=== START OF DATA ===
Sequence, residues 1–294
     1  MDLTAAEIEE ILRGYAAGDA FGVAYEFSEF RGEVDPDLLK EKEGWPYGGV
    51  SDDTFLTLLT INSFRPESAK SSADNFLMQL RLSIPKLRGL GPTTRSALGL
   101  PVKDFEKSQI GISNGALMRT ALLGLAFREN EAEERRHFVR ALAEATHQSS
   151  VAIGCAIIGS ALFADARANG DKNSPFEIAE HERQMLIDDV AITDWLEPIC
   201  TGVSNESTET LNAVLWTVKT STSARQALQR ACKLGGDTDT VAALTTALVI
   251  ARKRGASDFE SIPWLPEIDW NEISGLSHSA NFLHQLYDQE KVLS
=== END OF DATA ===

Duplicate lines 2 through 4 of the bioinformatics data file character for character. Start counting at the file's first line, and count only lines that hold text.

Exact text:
     1  MDLTAAEIEE ILRGYAAGDA FGVAYEFSEF RGEVDPDLLK EKEGWPYGGV
    51  SDDTFLTLLT INSFRPESAK SSADNFLMQL RLSIPKLRGL GPTTRSALGL
   101  PVKDFEKSQI GISNGALMRT ALLGLAFREN EAEERRHFVR ALAEATHQSS